Teaching Notes

Example Output

Here is one example of a map that can be produced after completing the chapter's step-by-step instructions. The map shows the years and locations of earthquakes with a magnitude of 7.0 or greater. Earthquakes in red have taken place in the last 100 years.
Sample student output

Grade Level

This chapter is most appropriate for students in grades 8-10. Students in grades 7 through 14 could use the chapter to learn to basic GIS techniques, such as conducting thematic and spatial queries.

Learning Goals

After completing this chapter, students will be able to:

*Note: It is not necessary for students to download the earthquake data themselves in order to carry out analyses about earthquake prediction. Some other options include the following:

Background Information

This chapter requires the use of GIS software that must be downloaded and installed. ArcVoyager SE GIS, based on ArcView GIS from ESRI, is a freely available GIS that can be used by educators at no cost . It was specifically developed for K-12 settings. However, one of its key limiltations is that it does not allow for project files to be saved. It is possible to capture and display screen shots of analyses made in ArcVoyager SE GIS. Please see the About the Tool and Data section for more information about this tool. Many schools already have site licenses for ArcView GIS software. Check with your instructional technology support team to find out if your school does or to obtain help with installing ArcVoyager SE GIS onto school computers.

Currently, it is not possible to accurately predict earthquakes in a timely fashion. It is a goal of this chapter that students discover this, as well as understand that earthquake risk varies across the Earth. Because earthquake activity is associated with plate boundaries, some places on Earth have a greater likelihood of experiencing earthquakes than do other locales. Four major concepts of this chapter are:
  1. The risk of earthquakes striking any location varies on Earth. Proximity to plate boundaries is a major factor in determining risk.
  2. The largest earthquakes happen at convergent plate boundaries.
  3. Earth scientists study historical earthquake distributions and frequencies to come up with long-range forecasts that indicate the likelihood of earthquakes striking certain regions.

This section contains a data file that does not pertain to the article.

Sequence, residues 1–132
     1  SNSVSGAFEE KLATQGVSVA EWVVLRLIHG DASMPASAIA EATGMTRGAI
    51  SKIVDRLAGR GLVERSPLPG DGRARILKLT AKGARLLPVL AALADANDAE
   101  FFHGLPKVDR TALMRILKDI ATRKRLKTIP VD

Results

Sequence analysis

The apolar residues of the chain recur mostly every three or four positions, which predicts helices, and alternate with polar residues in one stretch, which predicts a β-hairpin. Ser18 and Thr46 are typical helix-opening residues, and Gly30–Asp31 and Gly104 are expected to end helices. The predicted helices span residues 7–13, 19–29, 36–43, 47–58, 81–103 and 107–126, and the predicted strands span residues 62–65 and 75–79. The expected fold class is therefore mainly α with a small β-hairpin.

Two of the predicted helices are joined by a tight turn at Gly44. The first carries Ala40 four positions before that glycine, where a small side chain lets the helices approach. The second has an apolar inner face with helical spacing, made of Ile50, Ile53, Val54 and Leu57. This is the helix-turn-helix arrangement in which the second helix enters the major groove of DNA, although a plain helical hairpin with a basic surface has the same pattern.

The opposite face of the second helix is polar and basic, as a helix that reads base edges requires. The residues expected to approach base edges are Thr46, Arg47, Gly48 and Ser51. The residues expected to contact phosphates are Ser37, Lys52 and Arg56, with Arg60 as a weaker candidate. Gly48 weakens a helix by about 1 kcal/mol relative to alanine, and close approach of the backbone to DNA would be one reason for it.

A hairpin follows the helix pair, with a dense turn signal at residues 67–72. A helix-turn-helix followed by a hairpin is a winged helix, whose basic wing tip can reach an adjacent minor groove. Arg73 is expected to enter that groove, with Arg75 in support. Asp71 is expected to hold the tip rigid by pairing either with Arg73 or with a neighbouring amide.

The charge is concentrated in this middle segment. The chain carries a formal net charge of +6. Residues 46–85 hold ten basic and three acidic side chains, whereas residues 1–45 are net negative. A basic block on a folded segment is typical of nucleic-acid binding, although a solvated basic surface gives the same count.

4. Although, accurate prediction of earthquakes is not yet possible, research continues in this area.

Instructional Strategies

Examples of datasets that can be investigated with the techniques of this chapter include: earthquake activity, stream flow conditions, global land and sea surface temperatures, and many other datasets with latitude and longitude coordinates, such as those gathered with a GPS.

Learning Contexts

Many datasets of interest to Earth scientists are posted on the Internet in tabular format with varying delimiters used to separate the fields. If a dataset contains latitude and longitude fields, then it can be mapped and analyzed with a GIS. Prior to bringing the data into a GIS, it may need to be prepared in a "GIS-ready" format. This means creating either a tab-delimited or comma-delimited file from the original dataset. This chapter describes the technique of preparing "GIS-ready" data as well as shows how to map and conduct basic analyses using a GIS.

Science Standards

The following National Science Education Standards are supported by this chapter:

Grades 5-8

Grades 9-12

Geography Standards

The following U.S. National Geography Standards are supported by this chapter:

Time Required

Three 45 minute sessions: The number of classroom sessions needed for this chapter is flexible, and depends on how much preparation is done ahead of time and on how much of the process students take on.

Assessment Strategy
This chapter culminates with students producing a report and/or preparing a presentation explaining their Top Ten list and the place on Earth that they predict the next big earthquake will strike. Consider evaluating their products using a rubric with separate scales for 1) accuracy of science content, 2) appropriateness of supporting maps and frequency analyses, 3) clarity of ideas, and 4) persuasiveness of the location of the Next Big One.


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